Training Course Helps ECs Enter Offshore Wind Industry

Offshore wind turbines in twilight
Photo by Nicholas Doherty / Unsplash

A new training program from the Business Network for Offshore Wind, Towson, Md., a nonprofit focused on developing a robust offshore wind supply chain, aims to help U.S.-based businesses enter the offshore wind industry, according to a February 2021 press release. Its Foundation 2 Blade (F2B) training program is designed to demystify the supply chain, spur innovation and provide a market-entry path for companies.

“The Business Network created the Foundation 2 Blade training program to help companies leverage the economic, job-creating benefits the offshore wind industry has to offer,” said Liz Burdock, the Network’s president and CEO. “It’s only going to get bigger and a local supply chain is essential to that growth.”

The training program occurs over four half-day classes, virtually due to the pandemic. It provides an overview of the offshore wind industry’s structure and operations and highlights products and services local companies can provide.

“F2B is perfect for a company in the offshore wind industry or interested in expanding into the industry at an accelerated timeline,” said Benjamin Brown, director of industry education for the Network. “In 20 hours of class time, which is spread out over four classes, we condense hours and hours of market knowledge building, market research, networking, and interviews with industry experts.”

“All of the F2B modules are relevant to electrical contractors with an ear for business development, especially module 2: siting and permitting, where a project design envelope is assessed, proposed and approved,” Brown said. “Module 3: manufacturing, module 4: construction and installation, module 5: operation and maintenance and module 6: how to get involved will also be of particular interest.”

One of the fastest-growing renewable energy sources in the world, the global offshore wind market is expected to expand significantly over the next two decades, possibly growing by 13% per year, according to the Paris-based International Energy Agency’s (IEA) Offshore Wind Outlook 2019: World Energy Outlook special report. Over the next 20 years, offshore wind is expected to become a $1 trillion industry.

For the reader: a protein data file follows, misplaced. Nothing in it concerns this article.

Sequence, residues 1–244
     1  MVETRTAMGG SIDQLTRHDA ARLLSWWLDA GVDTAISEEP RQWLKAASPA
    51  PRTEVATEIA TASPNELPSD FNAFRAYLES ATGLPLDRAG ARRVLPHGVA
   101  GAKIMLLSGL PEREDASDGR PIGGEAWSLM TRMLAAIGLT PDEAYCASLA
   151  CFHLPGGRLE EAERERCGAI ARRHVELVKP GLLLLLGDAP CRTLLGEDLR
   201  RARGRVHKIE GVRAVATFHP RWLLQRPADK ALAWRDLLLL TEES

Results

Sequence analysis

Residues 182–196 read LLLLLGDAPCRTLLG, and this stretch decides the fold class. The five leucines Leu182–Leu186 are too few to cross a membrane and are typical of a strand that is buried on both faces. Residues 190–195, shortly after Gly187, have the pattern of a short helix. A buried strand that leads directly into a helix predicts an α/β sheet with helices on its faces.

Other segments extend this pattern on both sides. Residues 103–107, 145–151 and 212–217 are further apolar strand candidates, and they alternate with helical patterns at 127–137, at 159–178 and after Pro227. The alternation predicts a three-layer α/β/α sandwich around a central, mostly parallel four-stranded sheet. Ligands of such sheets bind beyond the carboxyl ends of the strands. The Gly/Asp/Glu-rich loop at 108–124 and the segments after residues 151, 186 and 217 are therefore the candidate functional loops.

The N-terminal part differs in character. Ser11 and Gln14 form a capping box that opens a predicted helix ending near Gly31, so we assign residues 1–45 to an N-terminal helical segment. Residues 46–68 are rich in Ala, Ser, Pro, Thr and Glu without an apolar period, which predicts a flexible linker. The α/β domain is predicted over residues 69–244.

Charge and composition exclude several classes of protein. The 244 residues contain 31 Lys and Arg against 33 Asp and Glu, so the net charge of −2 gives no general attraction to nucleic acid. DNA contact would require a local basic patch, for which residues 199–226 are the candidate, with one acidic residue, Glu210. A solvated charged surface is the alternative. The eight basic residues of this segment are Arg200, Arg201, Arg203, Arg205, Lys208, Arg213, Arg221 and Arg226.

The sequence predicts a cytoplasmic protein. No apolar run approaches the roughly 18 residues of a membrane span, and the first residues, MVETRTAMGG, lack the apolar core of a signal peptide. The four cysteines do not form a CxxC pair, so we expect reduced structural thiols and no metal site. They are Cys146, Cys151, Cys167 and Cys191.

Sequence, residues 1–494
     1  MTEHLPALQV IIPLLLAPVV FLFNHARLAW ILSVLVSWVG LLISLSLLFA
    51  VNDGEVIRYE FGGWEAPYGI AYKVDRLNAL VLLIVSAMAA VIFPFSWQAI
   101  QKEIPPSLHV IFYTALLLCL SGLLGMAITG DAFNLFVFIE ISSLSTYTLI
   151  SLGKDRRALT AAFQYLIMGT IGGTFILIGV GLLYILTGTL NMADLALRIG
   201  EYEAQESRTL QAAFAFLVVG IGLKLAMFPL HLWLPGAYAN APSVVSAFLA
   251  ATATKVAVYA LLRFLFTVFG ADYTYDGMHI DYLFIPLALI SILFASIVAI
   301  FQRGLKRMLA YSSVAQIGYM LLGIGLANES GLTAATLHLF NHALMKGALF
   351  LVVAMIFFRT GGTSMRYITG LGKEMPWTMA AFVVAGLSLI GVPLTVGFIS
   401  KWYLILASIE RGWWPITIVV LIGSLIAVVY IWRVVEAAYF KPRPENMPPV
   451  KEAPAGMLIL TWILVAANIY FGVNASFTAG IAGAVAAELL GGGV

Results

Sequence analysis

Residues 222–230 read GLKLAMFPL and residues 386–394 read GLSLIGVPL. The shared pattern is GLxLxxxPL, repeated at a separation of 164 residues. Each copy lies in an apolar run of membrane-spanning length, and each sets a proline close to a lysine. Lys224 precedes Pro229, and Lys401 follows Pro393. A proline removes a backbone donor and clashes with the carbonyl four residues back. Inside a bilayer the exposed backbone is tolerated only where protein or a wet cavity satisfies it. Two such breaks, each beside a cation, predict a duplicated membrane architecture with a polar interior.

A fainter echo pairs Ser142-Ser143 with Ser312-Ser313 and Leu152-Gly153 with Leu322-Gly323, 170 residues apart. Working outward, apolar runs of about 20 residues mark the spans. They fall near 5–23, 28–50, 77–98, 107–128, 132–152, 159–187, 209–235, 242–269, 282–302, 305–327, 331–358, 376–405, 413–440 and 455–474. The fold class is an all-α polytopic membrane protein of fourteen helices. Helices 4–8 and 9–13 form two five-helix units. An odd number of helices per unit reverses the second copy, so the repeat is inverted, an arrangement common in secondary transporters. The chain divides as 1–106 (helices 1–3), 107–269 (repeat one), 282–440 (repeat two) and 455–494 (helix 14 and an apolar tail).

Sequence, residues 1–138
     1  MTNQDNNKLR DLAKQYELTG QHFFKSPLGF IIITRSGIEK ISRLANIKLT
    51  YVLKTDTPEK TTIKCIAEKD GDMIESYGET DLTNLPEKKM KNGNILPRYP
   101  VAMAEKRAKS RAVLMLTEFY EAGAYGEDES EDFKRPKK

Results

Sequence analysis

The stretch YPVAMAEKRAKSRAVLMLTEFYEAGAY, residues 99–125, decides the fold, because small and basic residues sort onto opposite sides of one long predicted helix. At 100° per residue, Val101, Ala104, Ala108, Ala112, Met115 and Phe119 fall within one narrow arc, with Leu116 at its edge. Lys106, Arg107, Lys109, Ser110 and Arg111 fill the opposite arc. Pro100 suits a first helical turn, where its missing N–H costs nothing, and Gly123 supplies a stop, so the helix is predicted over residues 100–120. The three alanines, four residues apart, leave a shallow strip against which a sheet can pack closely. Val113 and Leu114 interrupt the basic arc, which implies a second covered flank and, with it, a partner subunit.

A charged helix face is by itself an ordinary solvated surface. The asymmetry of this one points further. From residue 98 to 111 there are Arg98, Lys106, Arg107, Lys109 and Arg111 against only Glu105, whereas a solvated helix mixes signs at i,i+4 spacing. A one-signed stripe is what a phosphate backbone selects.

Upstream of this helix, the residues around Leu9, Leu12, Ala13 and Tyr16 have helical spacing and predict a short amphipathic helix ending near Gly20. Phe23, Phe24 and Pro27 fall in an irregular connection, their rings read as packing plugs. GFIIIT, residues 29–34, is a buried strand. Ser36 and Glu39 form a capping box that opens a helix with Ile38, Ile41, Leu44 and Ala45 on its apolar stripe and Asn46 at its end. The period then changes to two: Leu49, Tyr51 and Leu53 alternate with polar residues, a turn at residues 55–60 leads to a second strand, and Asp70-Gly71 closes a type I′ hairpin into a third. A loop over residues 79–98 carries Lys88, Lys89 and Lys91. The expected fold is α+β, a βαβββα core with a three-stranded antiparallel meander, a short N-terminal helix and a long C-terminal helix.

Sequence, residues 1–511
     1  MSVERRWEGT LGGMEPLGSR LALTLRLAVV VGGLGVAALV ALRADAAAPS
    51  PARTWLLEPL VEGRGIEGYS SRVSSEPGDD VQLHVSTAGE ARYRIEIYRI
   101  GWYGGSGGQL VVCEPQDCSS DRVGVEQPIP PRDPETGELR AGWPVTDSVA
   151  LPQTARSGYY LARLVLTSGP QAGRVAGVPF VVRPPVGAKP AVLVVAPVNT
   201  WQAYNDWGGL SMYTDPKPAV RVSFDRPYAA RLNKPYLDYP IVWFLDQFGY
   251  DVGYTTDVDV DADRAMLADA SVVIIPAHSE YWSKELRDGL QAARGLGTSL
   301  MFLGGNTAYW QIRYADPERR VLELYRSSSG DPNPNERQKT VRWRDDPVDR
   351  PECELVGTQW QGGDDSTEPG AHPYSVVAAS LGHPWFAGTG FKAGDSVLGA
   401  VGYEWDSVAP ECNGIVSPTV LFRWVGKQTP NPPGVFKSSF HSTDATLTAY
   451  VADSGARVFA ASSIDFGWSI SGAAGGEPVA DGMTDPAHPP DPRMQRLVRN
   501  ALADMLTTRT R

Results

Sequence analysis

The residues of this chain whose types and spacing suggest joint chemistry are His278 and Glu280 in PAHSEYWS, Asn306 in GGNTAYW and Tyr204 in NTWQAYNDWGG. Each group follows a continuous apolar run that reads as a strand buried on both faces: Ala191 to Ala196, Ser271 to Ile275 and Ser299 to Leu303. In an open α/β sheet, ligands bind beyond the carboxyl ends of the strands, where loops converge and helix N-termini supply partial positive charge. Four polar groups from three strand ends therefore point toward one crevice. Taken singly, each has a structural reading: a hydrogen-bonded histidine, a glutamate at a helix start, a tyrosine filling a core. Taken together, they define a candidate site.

“In 2020 alone, there were 800 turbines and 5.2 GW of offshore wind installed globally, which raised the total installed global capacity of offshore wind to 32.5 GW,” Brown said.

While Europe is a leader in offshore wind technology, according to the IEA, the United States is lagging in building the needed infrastructure. The Network expects U.S. companies will soon diversify into this industry from oil and gas, boating and transportation, aerospace, civil engineering, composites and steel manufacturing.

“The industry is in a race to develop the infrastructure needed to grow, from expanding local supply chains, ordering new ships and port infrastructure buildout to ensur[ing] construction on wind projects can begin next year,” Burdock said. “That means local companies need to position themselves today to take advantage of this rare opportunity.”

Rhode Island was the first state to partner with the Network to provide F2B training to local businesses. The Network partnered with the state’s Department of Labor’s Real Jobs Rhode Island program. Rhode Island—home to the country’s first offshore wind project, Block Island—is currently working on a new project that is 14 times larger.

Many state leaders are driving the market for offshore wind development and support supply chain infrastructure development within their states, Brown explained. The Network is partnering with several states to provide F2B deliveries to local businesses and support this market growth.

Launched in January, approximately 75 people have completed the training program. F2B currently has openings for its April and September courses.

A promising sign is President Joe Biden’s recent executive order, which directs the Secretary of the Interior to double renewable energy production from offshore wind by 2030. The commitment to create “millions of family-supporting and union jobs in clean energy generation, land restoration, abandoned mine cleanup, plugging of orphan oil and gas wells, energy efficiency, clean transportation, advanced manufacturing and sustainable agriculture across America” is part of the Biden administration’s focus to Build Back Better, according to a U.S. Department of the Interior Fact Sheet.

Offshore wind will renovate and invigorate our economy, according to Brown.

“Offshore wind is a common-sense solution to job creation, economic growth and environmental consideration,” he said. “It is locally produced, which helps stabilize and lower energy prices for consumers. It decarbonizes our energy portfolio, while also bridging the load gap from retiring fossil fuel plants as it invests in local manufacturing and maritime economies."

About the Author

Marlena Chertock

Freelance Writer

Marlena Chertock is a former editorial intern at Electrical Contractor magazine who now writes for the magazine as a freelance journalist. Her articles have appeared in The Washington Post, Marketplace, NBC News, News21, WTOP and The Gazette. Contact...

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